The Internet has drastically changed the way we do business. Online retail sales are expected to reach $370 billion dollars by 2017, while more services continue to make the leap online. Here are five industries that have already been drastically altered by the Internet
It shouldn’t come as a surprise that we’re approaching the $400 billion per year sales mark for online retails stores when shopping from home is so darn convenient. Consumers spent $72.41 billion dollars online during the 2014 holiday season, assuming to avoid the crowds. Why leave the comfort of home to stand in line when you can order something with the click of a button and have it delivered to your door?
The convenience is not without its drawbacks. Many retailers, including small business owners, have took a hit since the rise of e-commerce. Even some of the previously popular big-box stores, like Borders, couldn’t stand up against the online giants like Amazon. With the invention of e-readers, many people have turned away from physical books. Circuit City fell under the radar after online shopping emerged, and J.C. Penney’s might be on its way out.
The Internet also changed the way clothing stores do business. Teenagers are more fickle than ever and more in-tune with changing fashion thanks to the ability to share information quickly over the Internet. Many stores, like apparel retailer American Eagle, cite it as a reason they’re struggling to stay above water.
Cab Service Has Been Uber’d
In some cities traditional taxi services are becoming a thing of the past. Rather than stand in the rain and hail down a cab you can now hop on an app and have an Uber ride sent straight to your door, or even a random street corner. No talking is even involved. You pay over the app, someone comes to pick you up in his personal vehicle and drops you off a few minutes later. No money ever exchanges hands.
It’s incredibly convenient, but cab drivers are waging war against ride share services, like Uber. Since its inception, they’ve argued Uber takes away from their business and livelihoods. Ride-sharing services are great and often more affordable, but it looks like they’re taking away careers from unskilled laborers and giving part-time work to college students instead.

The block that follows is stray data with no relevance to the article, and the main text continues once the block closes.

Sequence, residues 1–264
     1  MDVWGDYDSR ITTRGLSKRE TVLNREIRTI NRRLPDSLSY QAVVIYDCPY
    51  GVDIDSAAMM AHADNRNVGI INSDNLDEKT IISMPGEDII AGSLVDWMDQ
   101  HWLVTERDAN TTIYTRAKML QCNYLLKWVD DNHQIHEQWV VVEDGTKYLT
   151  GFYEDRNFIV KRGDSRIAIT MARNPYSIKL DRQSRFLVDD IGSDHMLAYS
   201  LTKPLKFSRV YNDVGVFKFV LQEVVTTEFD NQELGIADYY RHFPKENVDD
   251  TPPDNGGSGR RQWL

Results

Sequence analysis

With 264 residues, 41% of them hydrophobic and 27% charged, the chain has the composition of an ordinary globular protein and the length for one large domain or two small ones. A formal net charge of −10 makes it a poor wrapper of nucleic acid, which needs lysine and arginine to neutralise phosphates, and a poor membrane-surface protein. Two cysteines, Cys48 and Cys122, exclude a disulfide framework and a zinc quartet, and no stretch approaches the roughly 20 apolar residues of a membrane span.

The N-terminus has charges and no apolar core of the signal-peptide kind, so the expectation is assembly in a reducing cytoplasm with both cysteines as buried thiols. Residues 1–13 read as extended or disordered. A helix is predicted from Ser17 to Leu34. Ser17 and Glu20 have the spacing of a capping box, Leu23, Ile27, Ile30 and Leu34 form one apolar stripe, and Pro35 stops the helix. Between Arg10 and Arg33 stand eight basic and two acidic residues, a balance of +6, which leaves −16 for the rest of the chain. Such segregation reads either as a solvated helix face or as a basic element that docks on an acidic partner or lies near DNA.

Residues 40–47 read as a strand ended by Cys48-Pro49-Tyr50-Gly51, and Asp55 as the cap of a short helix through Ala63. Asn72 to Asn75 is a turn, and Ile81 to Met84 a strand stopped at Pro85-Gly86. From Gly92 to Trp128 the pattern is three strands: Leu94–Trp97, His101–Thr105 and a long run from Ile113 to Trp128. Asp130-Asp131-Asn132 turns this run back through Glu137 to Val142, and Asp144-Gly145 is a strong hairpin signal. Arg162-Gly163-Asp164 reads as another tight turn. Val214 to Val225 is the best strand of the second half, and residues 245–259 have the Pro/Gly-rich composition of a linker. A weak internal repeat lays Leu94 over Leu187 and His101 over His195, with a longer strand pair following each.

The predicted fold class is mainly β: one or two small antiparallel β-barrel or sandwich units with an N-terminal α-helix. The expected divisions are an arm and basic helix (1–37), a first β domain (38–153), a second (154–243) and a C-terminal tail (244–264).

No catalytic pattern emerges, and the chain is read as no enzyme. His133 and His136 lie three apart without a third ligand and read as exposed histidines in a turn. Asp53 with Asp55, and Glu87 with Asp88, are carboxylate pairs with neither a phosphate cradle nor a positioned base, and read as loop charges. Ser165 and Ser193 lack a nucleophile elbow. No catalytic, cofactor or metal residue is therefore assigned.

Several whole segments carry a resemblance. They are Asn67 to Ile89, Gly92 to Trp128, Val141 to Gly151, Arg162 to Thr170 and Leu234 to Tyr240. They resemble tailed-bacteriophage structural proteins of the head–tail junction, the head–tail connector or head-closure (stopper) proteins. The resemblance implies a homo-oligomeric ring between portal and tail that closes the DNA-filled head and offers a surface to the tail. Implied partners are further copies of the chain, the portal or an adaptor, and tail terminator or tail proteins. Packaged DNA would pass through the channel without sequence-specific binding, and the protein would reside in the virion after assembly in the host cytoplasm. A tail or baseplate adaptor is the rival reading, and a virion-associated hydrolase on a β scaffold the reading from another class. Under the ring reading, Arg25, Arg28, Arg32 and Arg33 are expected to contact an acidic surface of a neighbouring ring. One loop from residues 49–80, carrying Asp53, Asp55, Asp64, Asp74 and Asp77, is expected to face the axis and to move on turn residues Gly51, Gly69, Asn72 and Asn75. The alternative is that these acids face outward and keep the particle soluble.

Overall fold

Dining Out at Home
The Internet also changed the way we eat out by now allowing us to eat out, in. Thanks to new food delivery and takeout services, like Eat24, you can now order food from virtually any restaurant and have it delivered to your door. While some of them only work with restaurants that typically deliver themselves, others are happy to pick up a four-course meal from Olive Garden and bring it to you.
Log onto your app or website of a particular food delivery service, there are different ones popping up all across the country, and browse local menus, place an order and it’ll be there within the hour.
We won’t lie, this one is super convenient and saves a ton of time. It’s also great since it provides more delivery jobs.
Renting a movie at your local video store is a thing of the past. When’s the last time you saw a Blockbuster in your town? The Internet led to the rise of services, like RedBox and Netflix, which both now offer home delivery for your DVDs and Blu-ray.
Most consumers made the move to digital films and DVD sales have steadily declined over the years. Users prefer the convenience of simply paying a monthly fee and logging on at home to watch their favorite TV shows and movies rather than take a trip to a movie rental store. The Internet has all but wiped them out.
Traveling Made Easier
One of the biggest changes in the past decade the Internet has caused is in the way we travel. The industry as a whole has suffered a wide array of effects, possibly more so than any other industry.
We no longer use travel agents like we used to, thanks to the ability to go online and book our own trips through sites that offer the best deals possible. These sites act as an all-in-one resource to find the best prices for your entire trip, much like travel agents used to do.
International calling card services are all but pointless thanks to our ability to communicate with our friends and family overseas through web video chat services, like Skype. Our smartphones are traveling tour guides that reduce the need for employing locals to show us around.
The Internet gave people a drive to see the world and experience more things. The travel industry was the second-fastest growing industry in the year 2013. That means more job creation, more cultural awareness and more chances to explore the world. The Internet has definitely had a positive effect on the travel industry.
Overall the Internet has brought with it some exciting changes in the way we do business and go about our day-to-day lives. These industry changes have freed up time for us to focus on things we enjoy by cutting down on the time we spend going from place to place. There are some hurdles to get over, like ensuring these changes don’t put people out of their jobs, but the Internet has clearly brought far more good with it than bad.
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